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Friday, 18 January 2013

Lancaster Canal-Potters Brook to Cabus Nook

The ubiquitous mud was semi frozen - not unpleasant to walk on, and there were long stretches of smooth turf. This section was mostly through open fields providing pleasant enough walking, but not much of note to record, and only about three dog walkers were met with brief greetings exchanged.
I tried to Google the strange name of our finishing point, Cabus Nook, but could find nothing of interest except for a link to a website recording canal walks by a Wigan father and son duo recording their various canal walks:  CLICK HERE.

This map looks almost 3D - it was scanned from the somewhat crumpled printout I took on the walk

One for my "Relics" folder - even if it was restorable I reckon the quality of the original construction wouldn't be worth the effort

We had a chat with the skipper - unfortunately it was on the other side, otherwise we might have cadged a brew. He had done all the restoration himself, said it was a dog when he bought it - very proud

Most of the canal was frozen, and quite thick with it - on the last picture a channel can be seen where a boat had ploughed through - the owner of the boat in that picture told us it was against canal rules to motor through ice

A large and attractive canal side house - it was much bigger than the photo shows

An abnormally  acute left hand bend here reminded me of a James Stewart (and other notables) film I saw when I reckon I was about fourteen - the film's date was 1952. My memory recalls the title "Where the River Bends", and I found it under that via Google, but other info, and this poster say otherwise.
I have no doubt my film buff brother (RR), who has a phenomenal memory will be able to comment. We very likely saw the film together - he will probably remember  which of the thirty or so suburban cinemas  around Bradford  at that time we viewed it in

The distant Bowland hills. The walk in my last post toured at the base of those hills


Roderick Robinson said...

The trouble is Google renders us all equal. Bend was for instance not quite the first starring role for Rock Hudson (underrated as a light comedy actor) but one which took him out of the list of also-rans. I seem to remember he gets shot, but I cannot remember whether this turned out to be fatal or not. I'm deliberately not going to Google another possible fact, merely guess at it. Bend may have been directed by Anthony Mann; if so it marked the beginning of a run of Anthony Mann/James Stewart westerns all notable for their wonderful outdoor settings which tended to be set further north (one of them involving snow on a mountain pass) than the equally splendid John Ford movies shot in Monument Valley. As an outdoor enthusiast you can feel confident recommending the Mann/Stewart movies to others of your kind not just for the settings but also their strong plotting and excellent character acting, especially from Walter Brennan and John McIntire, the latter providing an Oscar-deserving performance as a jovial but very serious villain. One other point: James Stewart appears to wear the same crumpled and dirty hat throughout the series.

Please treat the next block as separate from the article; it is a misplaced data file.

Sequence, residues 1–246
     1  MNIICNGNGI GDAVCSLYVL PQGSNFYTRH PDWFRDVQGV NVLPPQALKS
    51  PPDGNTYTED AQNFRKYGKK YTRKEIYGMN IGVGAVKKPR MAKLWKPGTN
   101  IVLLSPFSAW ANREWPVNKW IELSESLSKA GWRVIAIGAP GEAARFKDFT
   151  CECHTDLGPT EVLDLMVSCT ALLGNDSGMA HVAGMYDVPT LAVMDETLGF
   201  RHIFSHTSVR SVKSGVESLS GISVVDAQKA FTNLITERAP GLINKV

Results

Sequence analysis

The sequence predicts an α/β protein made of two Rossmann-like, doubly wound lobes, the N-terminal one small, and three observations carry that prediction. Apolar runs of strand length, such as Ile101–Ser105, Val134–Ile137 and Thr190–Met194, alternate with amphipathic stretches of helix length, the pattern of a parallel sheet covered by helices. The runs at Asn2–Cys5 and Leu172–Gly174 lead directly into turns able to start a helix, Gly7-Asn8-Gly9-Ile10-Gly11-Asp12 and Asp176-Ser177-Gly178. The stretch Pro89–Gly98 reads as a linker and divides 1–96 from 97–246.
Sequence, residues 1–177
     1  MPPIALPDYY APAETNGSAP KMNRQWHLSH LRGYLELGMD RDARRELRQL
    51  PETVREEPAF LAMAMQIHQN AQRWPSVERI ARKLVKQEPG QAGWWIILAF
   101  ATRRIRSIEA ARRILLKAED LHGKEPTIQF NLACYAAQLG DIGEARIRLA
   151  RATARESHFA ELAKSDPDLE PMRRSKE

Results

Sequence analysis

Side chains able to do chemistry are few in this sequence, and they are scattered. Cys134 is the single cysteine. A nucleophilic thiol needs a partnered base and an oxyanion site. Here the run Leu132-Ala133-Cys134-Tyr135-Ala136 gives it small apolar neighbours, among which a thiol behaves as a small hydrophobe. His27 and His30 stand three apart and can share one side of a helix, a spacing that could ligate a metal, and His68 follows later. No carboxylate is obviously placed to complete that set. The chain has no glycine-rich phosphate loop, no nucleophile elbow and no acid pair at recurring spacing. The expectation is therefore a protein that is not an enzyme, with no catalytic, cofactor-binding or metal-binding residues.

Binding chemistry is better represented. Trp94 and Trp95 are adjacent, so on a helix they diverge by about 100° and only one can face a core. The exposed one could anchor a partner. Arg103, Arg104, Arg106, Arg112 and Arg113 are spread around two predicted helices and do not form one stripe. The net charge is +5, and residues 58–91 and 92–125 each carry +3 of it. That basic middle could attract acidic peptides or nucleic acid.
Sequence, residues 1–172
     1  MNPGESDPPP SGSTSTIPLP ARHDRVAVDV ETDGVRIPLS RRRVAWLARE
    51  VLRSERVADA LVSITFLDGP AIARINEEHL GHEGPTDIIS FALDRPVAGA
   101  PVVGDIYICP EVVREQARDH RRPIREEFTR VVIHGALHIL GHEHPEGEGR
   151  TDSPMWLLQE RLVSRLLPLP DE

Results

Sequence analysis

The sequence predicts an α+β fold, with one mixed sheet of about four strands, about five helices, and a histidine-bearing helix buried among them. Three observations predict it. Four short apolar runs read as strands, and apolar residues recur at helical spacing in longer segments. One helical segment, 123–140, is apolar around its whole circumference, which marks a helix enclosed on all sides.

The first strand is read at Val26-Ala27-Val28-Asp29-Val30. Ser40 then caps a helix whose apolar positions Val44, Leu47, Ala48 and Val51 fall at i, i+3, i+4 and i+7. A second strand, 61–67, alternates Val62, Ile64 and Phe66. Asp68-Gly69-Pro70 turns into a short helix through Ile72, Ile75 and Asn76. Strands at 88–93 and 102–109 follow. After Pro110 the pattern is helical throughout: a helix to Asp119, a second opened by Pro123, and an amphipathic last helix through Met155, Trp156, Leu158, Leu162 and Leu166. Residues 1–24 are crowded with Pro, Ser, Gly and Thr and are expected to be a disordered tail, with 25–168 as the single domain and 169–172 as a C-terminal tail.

I meant to compliment you on a new emerging style in these most recent posts. The dogged "then we walked to X and then to Y" has been dropped for a more conversational, more episodic approach which is much more agreeable. Again, the limitations of the walks (as walks) plus the decision to shift the travelogue to pix and and slightly lengthier captions, appear to be forcing this change and I hope when your knee mends and you are able to tackle more aesthetically splendiferous journeys you bear this in mind.

Phreerunner said...

Well done Conrad - it's good to see you continuing to get out - I hope the knee is slowly, if imperceptibly, strengthening...

Sir Hugh said...

RR - Thanks for that, but I am still puzzled about Where the River Bends versus The Bend in the River. Was it known for titles to be altered (I think this might have applied depending on which country the film was being shown in)? I was aware of John Ford. Over and above Ford's other famous productions, Grandma Robinson took me to see Stagecoach at the cinema in Idle, perhaps somewhere around 1950.


Phreerunner - thanks for your good wishes. My wish is for less imperceptibility, and MORE perceptibility.